Northwestern University and Evanston's Only Daily News Source Since 1881

The Daily Northwestern

Northwestern University and Evanston's Only Daily News Source Since 1881

The Daily Northwestern

Northwestern University and Evanston's Only Daily News Source Since 1881

The Daily Northwestern


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Sia aims to return and reboot image with ‘Reasonable Woman’

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Illustration by Sophie Zhang
The album’s release has gone largely under the radar, and it has not yet been ranked on the Billboard Top 200.

A decade ago, Sia emerged as a solo artist when her album “1000 Forms of Fear,” debuted at No. 1 on U.S. Billboard Top 200. Now, she is reimagining her public image with her newest album, “Reasonable Woman.”

The Australian artist has come under fire for a series of controversies. Sia’s “Elastic Heart” video, released in 2015, featured a preteen Maddie Ziegler and 28-year-old Shia LaBeouf dancing in a way many viewers felt was perverted and pedophilic.

Years later, her 2021 film “Music” featured a neurotypical Ziegler portraying a child with autism in a way many felt was insulting and misrepresentative. While Sia tried to clarify her intentions, some fans remained disappointed.

In some ways, Sia’s 10th studio album feels like an attempt to learn from her past and rise from the ashes, both in the reflective lyrics and crescendoing rhythms. After taking three years off since releasing her ninth album, Sia has reemerged in an attempt to reboot her career.

The album begins with a deepened techno-rhythm in “Little Wing,” a song which harkens back to the theme of flight seen in past songs like “Electric Bird” and later songs on “Reasonable Woman.” Sia bursts into belts, crafting a resounding anthem with lyrics like “Don’t give up, keep trying / I know soon you’ll be flying.”

Sia’s work often deals with reconciliation of her childhood and younger self, but this album has a new take. She directly addresses her younger self, distancing from her past while uplifting the present as a space of rebirth and light.

The next two songs remain upbeat and powerful, with features from Chaka Khan and Kylie Minogue, before the album reaches a somber shift in “I Had A Heart.” The aching entrance to the song is met with a brightening chorus and lyrics to match, telling the story of rising above the abandonment of someone she loved. The tone shift within the song itself echoes the rolling sentiments of the album, which move between mournful, grateful and empowered.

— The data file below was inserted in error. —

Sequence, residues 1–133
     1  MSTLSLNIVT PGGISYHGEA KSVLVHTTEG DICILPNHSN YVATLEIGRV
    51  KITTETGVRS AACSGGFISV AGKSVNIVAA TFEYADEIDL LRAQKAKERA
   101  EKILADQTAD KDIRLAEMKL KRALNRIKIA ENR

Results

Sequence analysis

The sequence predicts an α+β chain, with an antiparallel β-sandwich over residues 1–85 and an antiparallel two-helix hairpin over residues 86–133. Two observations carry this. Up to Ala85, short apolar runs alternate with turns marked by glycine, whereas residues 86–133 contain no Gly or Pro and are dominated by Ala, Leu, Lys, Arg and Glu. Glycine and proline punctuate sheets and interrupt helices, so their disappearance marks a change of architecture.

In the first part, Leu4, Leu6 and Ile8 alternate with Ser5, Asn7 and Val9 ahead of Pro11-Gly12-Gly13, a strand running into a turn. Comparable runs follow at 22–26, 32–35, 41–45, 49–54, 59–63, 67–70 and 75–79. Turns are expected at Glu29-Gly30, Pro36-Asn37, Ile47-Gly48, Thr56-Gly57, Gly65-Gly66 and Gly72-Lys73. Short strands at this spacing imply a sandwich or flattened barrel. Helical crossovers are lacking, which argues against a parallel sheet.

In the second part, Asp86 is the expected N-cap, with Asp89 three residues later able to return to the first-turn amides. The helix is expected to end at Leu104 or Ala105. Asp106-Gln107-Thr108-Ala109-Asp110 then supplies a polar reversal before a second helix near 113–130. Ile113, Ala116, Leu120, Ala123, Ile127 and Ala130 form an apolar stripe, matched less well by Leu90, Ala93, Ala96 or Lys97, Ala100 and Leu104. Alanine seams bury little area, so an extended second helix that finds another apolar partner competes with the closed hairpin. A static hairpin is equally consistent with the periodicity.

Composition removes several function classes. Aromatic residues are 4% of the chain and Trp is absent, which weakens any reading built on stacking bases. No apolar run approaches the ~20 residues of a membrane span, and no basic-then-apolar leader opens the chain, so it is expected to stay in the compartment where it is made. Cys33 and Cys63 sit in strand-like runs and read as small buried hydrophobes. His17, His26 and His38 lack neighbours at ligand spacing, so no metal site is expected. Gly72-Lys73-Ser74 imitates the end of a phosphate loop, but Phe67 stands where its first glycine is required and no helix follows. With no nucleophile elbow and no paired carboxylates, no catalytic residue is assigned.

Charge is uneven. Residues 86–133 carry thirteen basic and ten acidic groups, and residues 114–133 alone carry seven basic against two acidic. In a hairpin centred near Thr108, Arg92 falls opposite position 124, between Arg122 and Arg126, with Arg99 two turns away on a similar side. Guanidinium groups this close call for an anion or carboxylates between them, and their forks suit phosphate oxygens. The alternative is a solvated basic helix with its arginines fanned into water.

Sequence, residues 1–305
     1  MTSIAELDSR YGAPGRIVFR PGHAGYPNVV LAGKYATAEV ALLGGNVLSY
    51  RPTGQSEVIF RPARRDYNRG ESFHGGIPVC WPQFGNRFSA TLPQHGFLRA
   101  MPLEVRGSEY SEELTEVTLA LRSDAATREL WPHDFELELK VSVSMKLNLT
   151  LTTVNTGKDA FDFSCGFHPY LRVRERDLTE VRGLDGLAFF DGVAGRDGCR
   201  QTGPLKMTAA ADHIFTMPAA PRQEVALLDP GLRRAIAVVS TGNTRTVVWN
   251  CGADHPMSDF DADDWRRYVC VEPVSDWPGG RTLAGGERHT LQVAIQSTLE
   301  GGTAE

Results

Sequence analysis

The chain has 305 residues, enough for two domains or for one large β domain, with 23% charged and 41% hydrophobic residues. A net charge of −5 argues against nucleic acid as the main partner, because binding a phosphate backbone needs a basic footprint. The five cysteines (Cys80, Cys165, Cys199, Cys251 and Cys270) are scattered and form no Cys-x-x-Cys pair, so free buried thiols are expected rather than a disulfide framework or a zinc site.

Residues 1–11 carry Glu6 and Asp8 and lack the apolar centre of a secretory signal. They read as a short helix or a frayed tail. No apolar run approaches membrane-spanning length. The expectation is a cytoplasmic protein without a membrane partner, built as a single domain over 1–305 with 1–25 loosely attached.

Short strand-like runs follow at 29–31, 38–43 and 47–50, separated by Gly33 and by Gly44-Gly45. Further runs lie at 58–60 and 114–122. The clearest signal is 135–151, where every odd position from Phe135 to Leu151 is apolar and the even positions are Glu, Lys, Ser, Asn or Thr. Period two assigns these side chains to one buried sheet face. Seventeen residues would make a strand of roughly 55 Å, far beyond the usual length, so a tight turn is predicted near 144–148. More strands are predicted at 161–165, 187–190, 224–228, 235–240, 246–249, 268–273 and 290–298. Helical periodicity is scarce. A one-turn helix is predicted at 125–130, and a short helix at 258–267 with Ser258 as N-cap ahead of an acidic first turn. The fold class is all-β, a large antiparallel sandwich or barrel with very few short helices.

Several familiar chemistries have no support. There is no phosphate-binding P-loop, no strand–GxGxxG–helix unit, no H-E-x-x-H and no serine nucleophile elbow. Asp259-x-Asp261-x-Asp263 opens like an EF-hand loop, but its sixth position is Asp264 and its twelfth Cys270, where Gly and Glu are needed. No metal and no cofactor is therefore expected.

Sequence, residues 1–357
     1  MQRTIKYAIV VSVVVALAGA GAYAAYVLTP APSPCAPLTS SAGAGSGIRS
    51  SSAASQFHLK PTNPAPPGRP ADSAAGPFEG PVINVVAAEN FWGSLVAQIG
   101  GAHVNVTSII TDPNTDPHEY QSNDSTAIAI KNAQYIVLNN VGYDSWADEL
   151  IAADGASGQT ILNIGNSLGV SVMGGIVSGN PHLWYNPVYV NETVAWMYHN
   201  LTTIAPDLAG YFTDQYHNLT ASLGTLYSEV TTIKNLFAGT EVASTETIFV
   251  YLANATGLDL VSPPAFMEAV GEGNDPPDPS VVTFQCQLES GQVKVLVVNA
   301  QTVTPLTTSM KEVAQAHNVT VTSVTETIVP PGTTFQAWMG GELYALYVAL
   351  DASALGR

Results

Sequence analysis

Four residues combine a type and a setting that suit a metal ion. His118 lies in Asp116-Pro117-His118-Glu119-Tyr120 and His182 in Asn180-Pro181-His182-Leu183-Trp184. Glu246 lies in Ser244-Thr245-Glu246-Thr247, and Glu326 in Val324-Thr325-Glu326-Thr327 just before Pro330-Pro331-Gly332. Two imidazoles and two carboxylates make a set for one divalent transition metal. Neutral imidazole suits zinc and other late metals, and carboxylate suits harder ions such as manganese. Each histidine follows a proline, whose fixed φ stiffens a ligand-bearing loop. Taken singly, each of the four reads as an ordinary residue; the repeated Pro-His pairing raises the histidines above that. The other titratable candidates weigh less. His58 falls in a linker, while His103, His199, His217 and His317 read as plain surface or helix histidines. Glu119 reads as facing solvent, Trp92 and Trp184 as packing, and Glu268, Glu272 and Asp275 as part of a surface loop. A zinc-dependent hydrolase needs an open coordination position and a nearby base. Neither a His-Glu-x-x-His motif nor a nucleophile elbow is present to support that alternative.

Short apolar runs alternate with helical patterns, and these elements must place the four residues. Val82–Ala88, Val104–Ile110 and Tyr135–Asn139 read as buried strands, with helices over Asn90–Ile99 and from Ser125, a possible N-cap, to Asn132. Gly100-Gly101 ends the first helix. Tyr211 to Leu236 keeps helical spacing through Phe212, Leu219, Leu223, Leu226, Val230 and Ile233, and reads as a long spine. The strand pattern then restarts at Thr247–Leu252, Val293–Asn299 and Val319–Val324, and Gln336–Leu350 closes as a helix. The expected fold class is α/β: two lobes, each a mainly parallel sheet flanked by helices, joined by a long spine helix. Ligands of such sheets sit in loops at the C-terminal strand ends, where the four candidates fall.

The following track, “Gimme Love,” was released in September 2023 as the first single off the record. While it is representative of the overall upbeat tone of the album, it fails to show off some of the more experimental aspects, like exploration of her vocal range or the incorporation of various genres within one song, that depart from Sia’s abstract artistry that the world is used to seeing.

“Incredible,” released in early April as the third single off the album, which features singer and rapper Labrinth, is far more successful. It starts off with a doppler sci-fi beat, built upon by layered modulated vocals. Labrinth’s vocals take over toward the song’s second half before the two artists mix, creating a cohesive yet nonrepetitive sound.

In arguably the most striking feature, Paris Hilton teams up with Sia on “Fame Won’t Love You,” which laments the isolation that comes with being in the public eye, harkening back to the public scandals and falling-outs that both stars have had.

Sia closes out the record with “Rock and Balloon,” a track beginning with softened mumbling and a recollection of dark times. The song swells, rising as she calls to someone who is “the rock to her balloon,” and has loved her in the midst of it all. Calling out to this loved one marks an interesting outward turn after writing so much of the album from an introspective lens.

However, this tonal change at the end seems to signify exactly what the album is meant to discuss — renewal. By closing the chapter of explanation and self-reflection, Sia seems to show she is ready for not just something new, but something more.

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